Each account can run multiple campaigns at a single time, each with similar or independent goals. Depending on your needs, you could be running Shopping Campaigns, Search Campaigns, Video Campaigns, Remarketing Campaigns, Display Campaigns, etc. For even more information on campaign type and efficiency, check out our Comprehensive Guide to Choosing & Launching the Right Campaign Type for You.

Change History – A Google Ads tool that identifies every major change an account has seen, logged by time, change type, and the user or users who facilitated the change.

Clicks – The total quantity of individuals who see, and subsequently click on, your ads.

Clickthrough-Rate (CTR) – A ratio that expresses how often consumers click on your ads, expressed as a ratio of total clicks over total impressions.

Conversions – An end-funnel action, taken by an individual who clicked on your ad, that you define as valuable.

Conversion Rate – The rate at which consumers typically convert from ad clicks. The percentage is expressed as a ratio of clicks to conversions.

Conversions are counted whenever someone interacts with one of your ads, and follows that click with an action you define. These conversion types could be counted whenever a consumer submits a form, completes a phone call of a determined length, reaches a specific web page, spends a certain amount of time on a page or website, or even visits a physical location.

If you have a conversion rate question, chances are we already have an answer. We address everything you’ll need to know about Google Ads conversions in our topical guide, Answering Your Top 10 Questions About Google Ads Conversions.

Cost-per-Click (CPC) – The average cost when a consumer clicks on one of your ads.

CPA – Cost-per-action refers to the average cost spent to acquire a single customer.

Extensions – Additional, supplementary “extensions” that appear after your descriptions that offer additional business information.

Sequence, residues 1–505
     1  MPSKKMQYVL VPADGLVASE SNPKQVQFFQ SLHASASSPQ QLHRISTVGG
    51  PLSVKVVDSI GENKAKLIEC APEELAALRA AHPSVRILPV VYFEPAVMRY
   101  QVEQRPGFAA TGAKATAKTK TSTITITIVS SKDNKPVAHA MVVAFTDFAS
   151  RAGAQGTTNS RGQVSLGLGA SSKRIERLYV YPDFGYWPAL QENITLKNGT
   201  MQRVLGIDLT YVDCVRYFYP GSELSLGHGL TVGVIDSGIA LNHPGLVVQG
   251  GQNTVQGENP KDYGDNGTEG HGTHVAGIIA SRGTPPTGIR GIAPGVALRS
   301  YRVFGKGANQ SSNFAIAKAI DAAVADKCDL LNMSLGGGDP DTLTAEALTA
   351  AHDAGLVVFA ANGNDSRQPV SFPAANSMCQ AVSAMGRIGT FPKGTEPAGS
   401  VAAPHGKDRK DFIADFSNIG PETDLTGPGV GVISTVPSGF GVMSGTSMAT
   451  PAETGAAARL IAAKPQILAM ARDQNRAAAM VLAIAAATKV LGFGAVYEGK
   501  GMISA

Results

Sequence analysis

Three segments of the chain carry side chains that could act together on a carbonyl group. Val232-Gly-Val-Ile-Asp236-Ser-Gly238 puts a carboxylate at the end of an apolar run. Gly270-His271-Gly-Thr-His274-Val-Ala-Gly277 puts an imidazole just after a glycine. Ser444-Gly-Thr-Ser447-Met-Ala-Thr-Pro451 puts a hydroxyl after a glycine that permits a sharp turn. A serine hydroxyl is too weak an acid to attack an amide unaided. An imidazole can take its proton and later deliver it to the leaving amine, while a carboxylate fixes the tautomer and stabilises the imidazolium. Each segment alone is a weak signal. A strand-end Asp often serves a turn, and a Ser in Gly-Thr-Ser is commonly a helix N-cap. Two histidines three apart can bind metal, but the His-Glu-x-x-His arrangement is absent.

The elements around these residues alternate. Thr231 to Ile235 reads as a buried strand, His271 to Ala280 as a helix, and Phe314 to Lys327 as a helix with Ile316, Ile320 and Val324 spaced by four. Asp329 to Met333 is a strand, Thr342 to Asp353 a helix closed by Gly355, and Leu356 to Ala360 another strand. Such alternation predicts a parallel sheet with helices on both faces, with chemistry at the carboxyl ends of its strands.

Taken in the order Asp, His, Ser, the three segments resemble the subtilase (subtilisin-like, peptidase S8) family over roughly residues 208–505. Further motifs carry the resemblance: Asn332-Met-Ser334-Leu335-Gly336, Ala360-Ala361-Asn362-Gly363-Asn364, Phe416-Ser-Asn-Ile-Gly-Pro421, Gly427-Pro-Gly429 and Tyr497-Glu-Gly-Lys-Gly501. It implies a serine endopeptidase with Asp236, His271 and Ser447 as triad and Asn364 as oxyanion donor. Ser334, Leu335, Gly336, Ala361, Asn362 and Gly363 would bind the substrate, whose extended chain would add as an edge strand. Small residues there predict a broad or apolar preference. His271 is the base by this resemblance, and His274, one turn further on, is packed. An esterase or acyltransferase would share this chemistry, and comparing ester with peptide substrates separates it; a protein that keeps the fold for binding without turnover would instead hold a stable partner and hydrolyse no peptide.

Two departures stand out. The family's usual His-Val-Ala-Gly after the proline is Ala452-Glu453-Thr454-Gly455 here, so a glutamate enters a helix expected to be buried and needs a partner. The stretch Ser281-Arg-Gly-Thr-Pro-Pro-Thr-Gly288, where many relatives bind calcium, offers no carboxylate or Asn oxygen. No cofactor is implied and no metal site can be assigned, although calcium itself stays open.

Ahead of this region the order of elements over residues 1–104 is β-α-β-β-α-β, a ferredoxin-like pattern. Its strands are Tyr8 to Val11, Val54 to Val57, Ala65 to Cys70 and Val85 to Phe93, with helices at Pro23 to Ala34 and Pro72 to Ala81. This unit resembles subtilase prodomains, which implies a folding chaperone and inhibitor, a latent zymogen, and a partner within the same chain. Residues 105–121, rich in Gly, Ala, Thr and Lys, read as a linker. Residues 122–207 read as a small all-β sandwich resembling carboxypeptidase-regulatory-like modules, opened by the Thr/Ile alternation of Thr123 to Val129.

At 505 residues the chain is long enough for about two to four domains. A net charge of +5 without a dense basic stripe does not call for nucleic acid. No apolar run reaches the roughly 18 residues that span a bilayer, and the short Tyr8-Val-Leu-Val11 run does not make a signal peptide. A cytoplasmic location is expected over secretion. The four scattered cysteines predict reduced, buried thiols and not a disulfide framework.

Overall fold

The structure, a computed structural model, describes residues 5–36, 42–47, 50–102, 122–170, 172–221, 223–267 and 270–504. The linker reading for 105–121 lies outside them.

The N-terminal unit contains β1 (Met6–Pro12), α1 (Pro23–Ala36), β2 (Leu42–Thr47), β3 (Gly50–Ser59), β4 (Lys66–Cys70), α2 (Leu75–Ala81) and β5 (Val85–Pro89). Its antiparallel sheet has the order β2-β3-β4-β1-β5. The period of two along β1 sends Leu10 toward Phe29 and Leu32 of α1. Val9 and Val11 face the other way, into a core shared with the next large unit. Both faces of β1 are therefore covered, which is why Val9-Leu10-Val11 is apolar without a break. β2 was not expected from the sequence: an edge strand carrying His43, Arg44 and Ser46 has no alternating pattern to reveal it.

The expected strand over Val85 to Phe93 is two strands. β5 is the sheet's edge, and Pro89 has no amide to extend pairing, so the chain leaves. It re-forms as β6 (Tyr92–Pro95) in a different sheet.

Ad extensions help you offer substantial business information, in addition to your headlines and descriptions. Extensions are free to add to your account, campaign or ad group, and help you extend helpful information like a physical address, business phone number, additional features, or sitelinks that appear below the descriptions, etc. For more information on deciphering which ad extensions are right for you, you need our guide on the subject – How Google Ads Extensions Can Help You Triple Click Rates.

Geographic Targeting – A Google Ads tool that allows you to identify countries, states, provinces, cities, zip codes and radii where you want your ads to show (or not show).

Google Ads Editor – A downloadable software program, created by Google, that allows you to easily apply small and large-scale changes to your account while working offline or outside of the Google Ads platform.

Learning the basics of Google Ads Editor is one of the quickest ways to cut down on average optimization times. We’ve made learning Google Ads Editor easier than ever; in fact, we think you can learn it in 30 minutes or less! Our guide to Learning Google Ads Editor in 30 Minutes or Less is available for free, right now.

Google Analytics – An analytics program that helps you track website user activity and traffic.

Headlines & Descriptions – Headlines offer three, 30-character advertisement headlines that show at the top of your Google Ads. Descriptions offer two, 90-character advertisement descriptions that show below the headlines of your Google Ads.